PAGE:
'Running Shaadi': A frothy entertainer (Review By Troy Ribeiro, Rating: **1/2)
This film, with the recent controversy that plagued its title, suffers from the curse of its name. The constant bleeps in between the dialogues is a frustrating, kill joy. And that is not the only one.
Though with an interesting premise and a well-drafted screenplay, the film fails to hold a big-screen charm, simply because it is treated like a modern day, quickie befitting a web-series.
The characters, Nimrat Kaur aka Nimmi and Ram Bharose are not well etched. They unknowingly break the very mould they are supposed to be existing in. And the fault lies not with the actors but with the creators of their universe.
To begin with, the story is primarily about Ram Bharose aka Chottu a young forlorn Bihari immigrant in Amritsar who works in a saree shop belonging to one Mr. Singh.
Chottu is the man Friday for his employer and his family too, especially his daughter Nimmi, who has no qualms in informing him that she had sex and would need an abortion.
It is only after Nimmi's 19th birthday, when Chottu back-chats her father for his bad planning and management skills that he finds himself jobless. Being in a small town, he has no chance of securing another job. And since necessity is the mother of invention, he hits upon an idea of creating a website that would assist young couples in their runaway marriage plans.
So with the help of a geek friend of his who he addresses as Cyber and Nimmi, they set up a website called Running Shaadi and they clandestinely help couples get married.
It is only after Nimmi's father learns about her abortion, he decides to get her married off immediately. How Chottu helps Nimmi run away and marry the guy of her dreams forms the crux of the tale.
The plot though predictable from the very first frame, is interesting, and entertaining. The film is supposed to be an out-right comedy, but mid-way the narrative loses steam. It does pick up its tempo in the third act. Nevertheless, what keeps you glued to your seats throughout, are the earnest performances by the entire cast.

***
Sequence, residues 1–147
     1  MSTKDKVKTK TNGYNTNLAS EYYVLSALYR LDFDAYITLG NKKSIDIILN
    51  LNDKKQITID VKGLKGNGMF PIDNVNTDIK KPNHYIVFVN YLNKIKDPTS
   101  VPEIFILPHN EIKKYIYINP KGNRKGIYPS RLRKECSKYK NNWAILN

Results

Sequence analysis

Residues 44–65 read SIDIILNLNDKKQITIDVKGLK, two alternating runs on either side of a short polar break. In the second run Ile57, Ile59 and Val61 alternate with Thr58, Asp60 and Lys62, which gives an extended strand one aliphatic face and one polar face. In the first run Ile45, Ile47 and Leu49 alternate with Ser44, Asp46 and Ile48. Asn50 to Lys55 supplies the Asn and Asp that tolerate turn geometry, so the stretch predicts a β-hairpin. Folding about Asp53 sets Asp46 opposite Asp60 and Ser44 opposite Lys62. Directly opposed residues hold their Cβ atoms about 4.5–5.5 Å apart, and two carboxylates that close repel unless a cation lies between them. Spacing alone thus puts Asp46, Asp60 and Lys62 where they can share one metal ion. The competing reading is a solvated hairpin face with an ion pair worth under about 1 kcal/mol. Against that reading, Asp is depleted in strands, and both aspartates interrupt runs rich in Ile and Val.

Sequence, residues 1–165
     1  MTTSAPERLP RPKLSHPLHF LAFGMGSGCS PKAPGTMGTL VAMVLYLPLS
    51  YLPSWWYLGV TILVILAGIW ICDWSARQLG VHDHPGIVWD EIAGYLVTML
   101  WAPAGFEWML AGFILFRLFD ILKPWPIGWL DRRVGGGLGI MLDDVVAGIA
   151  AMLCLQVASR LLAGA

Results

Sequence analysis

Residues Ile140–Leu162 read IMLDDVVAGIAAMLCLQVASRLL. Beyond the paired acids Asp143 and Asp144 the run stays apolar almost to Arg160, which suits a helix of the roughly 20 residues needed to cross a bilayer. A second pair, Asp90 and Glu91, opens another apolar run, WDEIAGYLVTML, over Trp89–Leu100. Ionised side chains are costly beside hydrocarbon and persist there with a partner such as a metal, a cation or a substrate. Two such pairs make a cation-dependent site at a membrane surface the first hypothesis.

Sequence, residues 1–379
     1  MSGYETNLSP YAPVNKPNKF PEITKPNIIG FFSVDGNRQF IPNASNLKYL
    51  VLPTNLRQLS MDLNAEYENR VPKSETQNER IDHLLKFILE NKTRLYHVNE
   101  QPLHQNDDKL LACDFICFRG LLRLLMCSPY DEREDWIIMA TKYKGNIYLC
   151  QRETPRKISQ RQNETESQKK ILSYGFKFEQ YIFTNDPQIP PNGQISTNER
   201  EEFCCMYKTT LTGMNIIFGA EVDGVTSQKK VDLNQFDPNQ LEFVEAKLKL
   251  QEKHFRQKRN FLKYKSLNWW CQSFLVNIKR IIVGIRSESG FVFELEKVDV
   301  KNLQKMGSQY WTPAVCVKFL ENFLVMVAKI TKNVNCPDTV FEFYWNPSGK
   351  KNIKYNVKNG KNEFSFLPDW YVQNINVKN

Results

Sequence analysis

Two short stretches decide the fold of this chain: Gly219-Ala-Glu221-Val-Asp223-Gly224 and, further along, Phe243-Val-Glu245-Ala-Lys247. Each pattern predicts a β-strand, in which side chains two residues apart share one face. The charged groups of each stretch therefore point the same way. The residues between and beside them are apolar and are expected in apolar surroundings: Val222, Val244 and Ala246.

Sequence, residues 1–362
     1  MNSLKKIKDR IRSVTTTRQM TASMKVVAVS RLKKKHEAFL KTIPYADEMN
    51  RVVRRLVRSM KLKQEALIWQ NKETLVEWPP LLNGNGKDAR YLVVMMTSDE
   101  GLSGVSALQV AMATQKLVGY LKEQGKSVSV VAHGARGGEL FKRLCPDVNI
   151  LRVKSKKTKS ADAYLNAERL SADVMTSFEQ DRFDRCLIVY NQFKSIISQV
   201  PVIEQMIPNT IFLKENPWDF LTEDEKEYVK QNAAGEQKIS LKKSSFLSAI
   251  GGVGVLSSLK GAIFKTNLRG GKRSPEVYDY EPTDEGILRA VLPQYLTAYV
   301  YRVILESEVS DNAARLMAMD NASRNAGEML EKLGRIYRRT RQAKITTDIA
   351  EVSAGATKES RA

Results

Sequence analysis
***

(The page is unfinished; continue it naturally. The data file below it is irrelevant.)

Taapsee Pannu as Nimmi is effervescent and charming. She is so natural that you believe in her flawed character and you root for her, when she is anxious and sad.
Similarly Amit Sadh too wins your heart, as he honestly essays Ram Bharose. He plays the street smart, yet ignorant lover boy to the hilt. And his onscreen chemistry with Taapsee is palpable.
Arsh Bajwa though in a measured role as Bharose's friend Cyberjeet, is outstanding. He is refreshing and elicits a chuckle with ease.
The rest of the supporting cast range from serious to quirky and they deliver sincerely.
With moderate production values, the film is shot on actual locales giving the film a realistic feel. The cinematography, editing and action sequences are of good quality and overall, the film is worth a watch just to unwind.
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A unique, endearing romantic comedy from the heart of small-town India, which unfolds as two young boys come up with 1 big idea.